However, the Internet of Things (IoT) has disrupted this straightforward picture, because it has dramatically increased the volume of connected devices within the typical corporate infrastructure. An organisation which has introduced connected sensors to monitor its environmental conditions, for example, or a business which has implemented IoT connectivity into the products it sells, may have thousands or even hundreds of thousands of connected ‘things’ to manage, compared with just a few years previously. In turn, this means that ‘never trust, always verify’ has become a much more complicated and resource-intensive concept to put into practice.
Yet at the same time, the IoT also makes security via Zero Trust an even more business-critical concept. This is for several key reasons, including:
Scope and scale:
The IoT is proliferating to touch more and more of our lives whether at work or at play. It is fuelling the development not merely of smart organisations and buildings, but smart ecosystems and cities. The IoT is both pervasive and enormous, which means that securing it – via a Zero Trust approach – is becoming an increasingly pervasive and enormous challenge.
Typical IoT devices are relatively small and simple – indeed, this is precisely why the IoT is proliferating so fast. This small footprint brings myriad advantages in terms of functionality, flexibility and scalability – but myriad challenges in terms of the limited physical and virtual space available for traditional cybersecurity tools.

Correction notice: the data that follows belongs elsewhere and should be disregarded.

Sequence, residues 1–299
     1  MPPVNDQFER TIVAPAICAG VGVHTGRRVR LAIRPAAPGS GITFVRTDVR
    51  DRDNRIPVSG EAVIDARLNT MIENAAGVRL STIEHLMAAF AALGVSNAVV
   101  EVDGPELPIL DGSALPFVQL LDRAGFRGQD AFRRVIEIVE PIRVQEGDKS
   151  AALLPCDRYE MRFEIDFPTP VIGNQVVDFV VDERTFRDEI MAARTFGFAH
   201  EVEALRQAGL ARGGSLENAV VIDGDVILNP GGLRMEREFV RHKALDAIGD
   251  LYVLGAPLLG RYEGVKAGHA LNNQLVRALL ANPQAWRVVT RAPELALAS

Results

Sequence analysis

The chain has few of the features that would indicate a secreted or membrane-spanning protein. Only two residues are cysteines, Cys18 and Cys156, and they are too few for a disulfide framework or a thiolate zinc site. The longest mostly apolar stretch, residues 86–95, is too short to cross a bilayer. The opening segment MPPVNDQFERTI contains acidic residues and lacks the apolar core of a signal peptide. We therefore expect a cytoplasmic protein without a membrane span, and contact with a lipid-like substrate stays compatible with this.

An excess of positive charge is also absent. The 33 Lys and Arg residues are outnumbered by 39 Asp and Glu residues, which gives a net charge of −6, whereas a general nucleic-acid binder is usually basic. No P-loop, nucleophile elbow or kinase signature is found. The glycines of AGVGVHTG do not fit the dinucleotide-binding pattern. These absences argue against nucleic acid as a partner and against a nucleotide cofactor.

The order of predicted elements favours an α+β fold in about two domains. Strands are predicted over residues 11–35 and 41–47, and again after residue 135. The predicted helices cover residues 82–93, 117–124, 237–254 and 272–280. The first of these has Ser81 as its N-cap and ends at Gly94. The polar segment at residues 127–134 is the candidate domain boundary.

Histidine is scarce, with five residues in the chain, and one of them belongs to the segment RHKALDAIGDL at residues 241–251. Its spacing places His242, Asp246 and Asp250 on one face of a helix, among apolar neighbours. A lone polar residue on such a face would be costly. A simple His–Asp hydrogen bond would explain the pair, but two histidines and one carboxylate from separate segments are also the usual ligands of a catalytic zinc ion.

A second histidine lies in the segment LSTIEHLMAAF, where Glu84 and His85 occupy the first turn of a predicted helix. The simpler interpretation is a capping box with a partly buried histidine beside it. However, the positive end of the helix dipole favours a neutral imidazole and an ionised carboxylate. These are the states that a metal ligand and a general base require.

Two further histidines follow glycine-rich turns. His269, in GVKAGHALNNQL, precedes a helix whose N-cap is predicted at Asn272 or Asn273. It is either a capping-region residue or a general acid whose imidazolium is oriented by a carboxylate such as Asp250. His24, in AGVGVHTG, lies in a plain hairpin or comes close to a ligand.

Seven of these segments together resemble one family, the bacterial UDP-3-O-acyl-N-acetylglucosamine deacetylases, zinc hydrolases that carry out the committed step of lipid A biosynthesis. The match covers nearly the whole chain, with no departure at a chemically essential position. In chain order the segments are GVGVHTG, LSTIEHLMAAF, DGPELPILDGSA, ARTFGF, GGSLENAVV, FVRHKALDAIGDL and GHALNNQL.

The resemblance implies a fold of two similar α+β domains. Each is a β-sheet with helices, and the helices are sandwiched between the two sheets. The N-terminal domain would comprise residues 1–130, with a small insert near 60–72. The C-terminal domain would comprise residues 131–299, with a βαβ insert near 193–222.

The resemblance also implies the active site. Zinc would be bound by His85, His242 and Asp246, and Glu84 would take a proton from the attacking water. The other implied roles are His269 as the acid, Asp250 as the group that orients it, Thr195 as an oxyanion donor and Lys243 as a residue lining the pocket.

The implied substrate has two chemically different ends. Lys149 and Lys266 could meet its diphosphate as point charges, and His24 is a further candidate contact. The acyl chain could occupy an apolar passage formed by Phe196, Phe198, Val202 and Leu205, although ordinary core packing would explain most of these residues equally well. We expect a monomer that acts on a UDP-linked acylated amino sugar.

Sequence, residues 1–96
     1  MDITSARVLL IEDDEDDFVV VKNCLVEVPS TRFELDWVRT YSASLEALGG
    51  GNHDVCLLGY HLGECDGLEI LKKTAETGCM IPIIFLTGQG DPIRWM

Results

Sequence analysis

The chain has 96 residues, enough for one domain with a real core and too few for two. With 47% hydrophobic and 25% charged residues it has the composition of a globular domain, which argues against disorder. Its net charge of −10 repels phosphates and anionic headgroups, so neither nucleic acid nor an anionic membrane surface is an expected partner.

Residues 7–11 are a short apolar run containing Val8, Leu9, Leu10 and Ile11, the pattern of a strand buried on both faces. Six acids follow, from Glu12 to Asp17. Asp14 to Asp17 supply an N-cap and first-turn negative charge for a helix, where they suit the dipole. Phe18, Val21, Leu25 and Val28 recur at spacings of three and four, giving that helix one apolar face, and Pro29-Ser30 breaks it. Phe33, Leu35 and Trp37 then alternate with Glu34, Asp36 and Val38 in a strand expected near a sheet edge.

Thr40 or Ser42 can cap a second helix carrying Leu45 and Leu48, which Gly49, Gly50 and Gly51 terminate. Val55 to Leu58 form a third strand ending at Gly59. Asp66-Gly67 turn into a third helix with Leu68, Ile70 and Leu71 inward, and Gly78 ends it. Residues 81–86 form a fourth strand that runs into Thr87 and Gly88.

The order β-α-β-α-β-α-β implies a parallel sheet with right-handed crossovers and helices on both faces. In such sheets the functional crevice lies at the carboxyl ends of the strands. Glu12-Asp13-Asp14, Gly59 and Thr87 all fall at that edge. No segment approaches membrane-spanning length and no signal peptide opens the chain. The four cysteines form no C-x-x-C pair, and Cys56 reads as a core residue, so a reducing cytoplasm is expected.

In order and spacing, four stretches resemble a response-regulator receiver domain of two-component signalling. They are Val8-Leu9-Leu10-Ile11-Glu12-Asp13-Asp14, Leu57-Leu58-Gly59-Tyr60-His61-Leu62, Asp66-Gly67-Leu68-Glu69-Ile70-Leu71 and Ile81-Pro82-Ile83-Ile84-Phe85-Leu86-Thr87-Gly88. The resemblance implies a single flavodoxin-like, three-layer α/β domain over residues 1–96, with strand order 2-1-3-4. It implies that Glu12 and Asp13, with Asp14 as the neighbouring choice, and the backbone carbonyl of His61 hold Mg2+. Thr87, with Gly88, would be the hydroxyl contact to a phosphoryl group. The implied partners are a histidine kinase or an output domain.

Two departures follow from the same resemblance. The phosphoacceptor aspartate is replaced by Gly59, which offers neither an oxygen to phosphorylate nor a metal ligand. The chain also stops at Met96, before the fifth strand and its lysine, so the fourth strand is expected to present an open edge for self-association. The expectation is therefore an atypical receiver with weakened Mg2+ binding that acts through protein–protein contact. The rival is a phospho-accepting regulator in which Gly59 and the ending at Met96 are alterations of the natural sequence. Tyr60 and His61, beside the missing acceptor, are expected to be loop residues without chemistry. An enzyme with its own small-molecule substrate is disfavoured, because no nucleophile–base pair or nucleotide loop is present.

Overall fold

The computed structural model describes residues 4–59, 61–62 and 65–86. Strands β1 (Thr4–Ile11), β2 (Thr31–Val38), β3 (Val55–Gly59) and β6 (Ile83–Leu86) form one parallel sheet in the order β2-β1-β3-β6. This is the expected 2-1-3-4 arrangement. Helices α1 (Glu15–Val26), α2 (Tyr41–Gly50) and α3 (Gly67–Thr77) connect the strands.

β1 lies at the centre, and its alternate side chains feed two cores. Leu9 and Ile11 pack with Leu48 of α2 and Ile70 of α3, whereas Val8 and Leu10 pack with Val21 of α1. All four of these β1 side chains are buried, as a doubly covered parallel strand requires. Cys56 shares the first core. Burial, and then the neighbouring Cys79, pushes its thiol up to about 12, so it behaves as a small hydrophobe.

As the IoT grows to touch more aspects of more organisations, so it is becoming an increasingly business-critical facet of infrastructure. Which means, in turn, securing the IoT is becoming an increasingly business-critical challenge. Failure points in IoT ecosystems are not just frustrations – they can be organisation-destroying events.
Many IoT devices operate without human assistance to gather, access, share and harness information. This is both hugely powerful – unlocking new efficiencies and insights seamlessly – and a point of vulnerability – because security must operate without human oversight too.
Making Zero Trust work in an IoT world
How, then, can organisations create Zero Trust architectures to suit this new IoT-enabled world?
Such architectures require, of course, in-depth visibility and understanding of all the IoT systems on the network – because that can then enable context-based segmentation decisions, keeping specific devices, applications and traffic flows separate from each other, even within a vast and complex infrastructure.
And all this must be underpinned by an understanding and verification of the identity of every single IoT-enabled device on the network – including its business context, its resource dependencies and relevant traffic flows. Identity and access management (IAM) and data security are two core areas for any organisation looking to build a Zero Trust architecture for the IoT – look for advanced features like adaptive authentication and integration with other products too.